Daughter – If You Leave

daughterIn an alternative universe Daughter fail. Elena Tonra is swept off her feet by a major label, and cuddled and cajoled to do her best Amy MacDonald impersonation. Some smart aleck brands her a ‘quirky female singer songwriter’. Her team milks early comparison to Laura Marling to the tune of commercial success. Then the difficult second album lands, her fame falters, and she finds herself working on the checkout of a soon to be closed HMV store.

Fortunately in our universe Daughter fail to spoil If You Leave with petty gimmicks and crowd spinners. The grace of their debut album is, it’s been allowed to develop at its own pace. Thanks to some heroic defence from 4AD and a large dollop of will power on the band’s behalf, the industry can throw nothing at Daughter that their sheer talent can’t handle. Fans have huffed and puffed at the speed of delivery, but now the London trio are here, armed with the genius they’ve threatened all along.

A prominent feature of If You Leave is the production on which it thrives. It’s touched by God - or rather the hands of Rodaidh McDonald, who at every turn highlights the vast soundscapes of Daughter’s music. His work with The xx comes into play the most, with sonic interlude scattering the instrumentation of “Human” and background drone complimenting the repetition of “Still”. With someone else in the production chair, If You Leave could have sounded like a record by your average indie band.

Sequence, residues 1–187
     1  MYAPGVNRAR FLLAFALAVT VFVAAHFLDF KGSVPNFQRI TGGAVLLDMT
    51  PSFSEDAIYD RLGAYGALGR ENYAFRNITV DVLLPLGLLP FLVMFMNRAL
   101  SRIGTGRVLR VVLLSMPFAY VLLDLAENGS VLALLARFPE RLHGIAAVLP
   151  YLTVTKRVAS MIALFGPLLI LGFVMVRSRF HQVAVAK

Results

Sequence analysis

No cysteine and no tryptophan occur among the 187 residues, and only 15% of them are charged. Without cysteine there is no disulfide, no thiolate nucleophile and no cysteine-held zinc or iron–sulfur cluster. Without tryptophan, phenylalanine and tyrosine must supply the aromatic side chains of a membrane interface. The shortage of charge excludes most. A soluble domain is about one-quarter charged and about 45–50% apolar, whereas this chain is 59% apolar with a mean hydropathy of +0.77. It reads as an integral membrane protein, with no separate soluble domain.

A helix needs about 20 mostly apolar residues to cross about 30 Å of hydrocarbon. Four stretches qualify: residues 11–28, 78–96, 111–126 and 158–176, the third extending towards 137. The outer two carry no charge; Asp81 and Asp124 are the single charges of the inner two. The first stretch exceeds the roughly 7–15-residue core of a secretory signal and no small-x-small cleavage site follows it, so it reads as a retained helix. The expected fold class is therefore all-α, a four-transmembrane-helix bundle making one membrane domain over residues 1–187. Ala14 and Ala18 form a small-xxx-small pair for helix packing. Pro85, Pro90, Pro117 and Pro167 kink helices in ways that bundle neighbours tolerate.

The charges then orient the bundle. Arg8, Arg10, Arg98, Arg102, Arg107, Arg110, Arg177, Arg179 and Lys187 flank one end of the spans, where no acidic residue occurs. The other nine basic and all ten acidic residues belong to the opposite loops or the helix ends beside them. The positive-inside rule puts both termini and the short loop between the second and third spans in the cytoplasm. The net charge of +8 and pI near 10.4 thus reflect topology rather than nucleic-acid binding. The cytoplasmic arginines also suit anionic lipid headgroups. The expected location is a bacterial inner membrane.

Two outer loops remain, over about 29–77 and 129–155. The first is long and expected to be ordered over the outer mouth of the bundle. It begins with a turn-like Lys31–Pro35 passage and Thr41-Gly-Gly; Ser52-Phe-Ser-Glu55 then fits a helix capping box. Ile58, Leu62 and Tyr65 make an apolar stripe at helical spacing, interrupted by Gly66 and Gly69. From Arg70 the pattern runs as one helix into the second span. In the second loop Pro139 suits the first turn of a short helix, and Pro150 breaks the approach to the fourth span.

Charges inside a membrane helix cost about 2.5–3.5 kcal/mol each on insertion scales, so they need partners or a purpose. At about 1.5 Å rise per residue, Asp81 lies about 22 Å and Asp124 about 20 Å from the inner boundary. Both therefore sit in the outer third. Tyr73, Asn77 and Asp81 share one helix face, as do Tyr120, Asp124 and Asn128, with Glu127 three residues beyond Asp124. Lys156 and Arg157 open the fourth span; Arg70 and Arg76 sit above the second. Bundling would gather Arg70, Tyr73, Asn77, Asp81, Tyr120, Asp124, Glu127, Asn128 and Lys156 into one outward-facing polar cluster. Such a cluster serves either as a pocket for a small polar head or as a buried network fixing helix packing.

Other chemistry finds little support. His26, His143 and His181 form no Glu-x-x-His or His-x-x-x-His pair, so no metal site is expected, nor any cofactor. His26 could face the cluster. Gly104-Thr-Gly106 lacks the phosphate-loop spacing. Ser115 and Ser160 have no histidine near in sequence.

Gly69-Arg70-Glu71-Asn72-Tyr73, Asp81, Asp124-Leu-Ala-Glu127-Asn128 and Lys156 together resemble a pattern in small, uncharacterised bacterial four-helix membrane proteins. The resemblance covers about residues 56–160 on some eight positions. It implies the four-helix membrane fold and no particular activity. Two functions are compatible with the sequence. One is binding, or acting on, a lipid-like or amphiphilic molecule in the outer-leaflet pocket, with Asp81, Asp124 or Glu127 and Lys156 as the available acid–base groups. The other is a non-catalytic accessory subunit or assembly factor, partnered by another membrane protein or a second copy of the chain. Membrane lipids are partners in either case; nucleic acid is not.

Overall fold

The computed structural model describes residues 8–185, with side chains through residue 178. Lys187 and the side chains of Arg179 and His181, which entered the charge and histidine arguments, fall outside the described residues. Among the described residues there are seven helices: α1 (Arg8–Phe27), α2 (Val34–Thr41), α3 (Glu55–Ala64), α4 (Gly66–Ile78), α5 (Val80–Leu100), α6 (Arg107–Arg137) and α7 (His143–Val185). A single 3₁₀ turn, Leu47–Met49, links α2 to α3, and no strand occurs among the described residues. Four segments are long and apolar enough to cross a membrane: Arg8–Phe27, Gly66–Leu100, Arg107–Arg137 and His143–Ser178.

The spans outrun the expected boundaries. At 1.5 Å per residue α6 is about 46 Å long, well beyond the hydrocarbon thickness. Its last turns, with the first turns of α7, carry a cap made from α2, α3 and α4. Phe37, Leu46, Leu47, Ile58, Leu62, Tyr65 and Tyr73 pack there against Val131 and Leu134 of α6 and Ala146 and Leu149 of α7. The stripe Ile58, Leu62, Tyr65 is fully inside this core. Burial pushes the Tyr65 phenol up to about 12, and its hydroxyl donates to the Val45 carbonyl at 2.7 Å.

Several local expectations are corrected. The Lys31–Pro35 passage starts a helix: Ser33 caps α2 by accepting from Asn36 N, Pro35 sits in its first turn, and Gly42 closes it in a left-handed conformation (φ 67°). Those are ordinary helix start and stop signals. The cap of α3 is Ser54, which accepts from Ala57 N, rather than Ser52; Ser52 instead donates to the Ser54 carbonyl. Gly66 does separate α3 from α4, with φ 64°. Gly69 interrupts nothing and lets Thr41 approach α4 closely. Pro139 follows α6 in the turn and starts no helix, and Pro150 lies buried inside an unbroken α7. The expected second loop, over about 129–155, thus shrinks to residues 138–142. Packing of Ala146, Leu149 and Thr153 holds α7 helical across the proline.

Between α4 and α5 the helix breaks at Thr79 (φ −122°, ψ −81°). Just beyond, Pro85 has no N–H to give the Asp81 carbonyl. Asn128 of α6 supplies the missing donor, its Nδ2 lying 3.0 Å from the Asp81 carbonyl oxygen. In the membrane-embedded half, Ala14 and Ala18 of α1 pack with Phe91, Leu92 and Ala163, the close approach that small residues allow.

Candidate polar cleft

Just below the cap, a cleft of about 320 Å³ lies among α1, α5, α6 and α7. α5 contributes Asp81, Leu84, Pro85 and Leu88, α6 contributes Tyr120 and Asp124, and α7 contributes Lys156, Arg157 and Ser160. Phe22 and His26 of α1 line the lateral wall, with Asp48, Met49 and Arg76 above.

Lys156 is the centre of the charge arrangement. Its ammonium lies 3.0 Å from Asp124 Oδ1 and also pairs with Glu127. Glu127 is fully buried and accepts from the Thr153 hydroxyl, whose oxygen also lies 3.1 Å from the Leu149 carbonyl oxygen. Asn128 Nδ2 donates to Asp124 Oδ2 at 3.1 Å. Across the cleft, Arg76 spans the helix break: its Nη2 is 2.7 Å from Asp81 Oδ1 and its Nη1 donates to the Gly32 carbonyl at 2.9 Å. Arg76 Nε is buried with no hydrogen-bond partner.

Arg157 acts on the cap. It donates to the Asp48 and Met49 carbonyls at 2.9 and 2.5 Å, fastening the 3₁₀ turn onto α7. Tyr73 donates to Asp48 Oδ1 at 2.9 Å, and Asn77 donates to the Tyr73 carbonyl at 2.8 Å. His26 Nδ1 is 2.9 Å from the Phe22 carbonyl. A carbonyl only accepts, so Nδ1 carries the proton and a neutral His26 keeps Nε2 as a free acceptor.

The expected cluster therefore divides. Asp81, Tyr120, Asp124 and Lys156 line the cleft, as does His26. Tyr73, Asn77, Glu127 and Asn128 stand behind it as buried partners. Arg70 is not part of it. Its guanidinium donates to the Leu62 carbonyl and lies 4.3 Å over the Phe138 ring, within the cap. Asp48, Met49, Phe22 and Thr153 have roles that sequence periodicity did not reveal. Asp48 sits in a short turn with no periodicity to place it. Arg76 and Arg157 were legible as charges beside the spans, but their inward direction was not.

Despite being aided by a well placed collaboration, the album is still a spellbinding mass of originality that embodies astral projection and a generation’s despair in one fell swoop. For starters, it actually goes somewhere, with "Human" and "Lifeforms" providing a welcome lift. Elsewhere songs like “Tomorrow” and “Amsterdam” make sense of life with delicate poetry, while “Winter” and “Lifeforms” clutch at the melancholy of a heart broken by the death of innocence. Say what you like about Tonra’s disposition for painting things black, but no one can deny her lyrical prowess.

One of the first songs to offer a glimpse of Daughter’s dark side was The Wild Youth EP’s “Youth”, which features while peers “Medicine” and “Home” are left behind. It’s a cull from which If You Leave ultimately benefits. Daughter’s songwriting ability has improved tenfold over time, and their album stands testament. There’s barely a trace of the restless inertia on debut EP His Young Heart. Elena’s previous solo effort, which beckoned the aforementioned ‘quirky female singer songwriter’ branding, is but a whisper in the wind. With songs this accomplished, it’s easy to forget Daughter are a mere two years old.

Already being championed as one of the best albums of the year, it won’t be long before Daughter reach the dizzying heights of fame their alternates quickly possessed. If You Leave proves they have the tenacity to continue unfazed.

Release: 14th March 2013, 4AD


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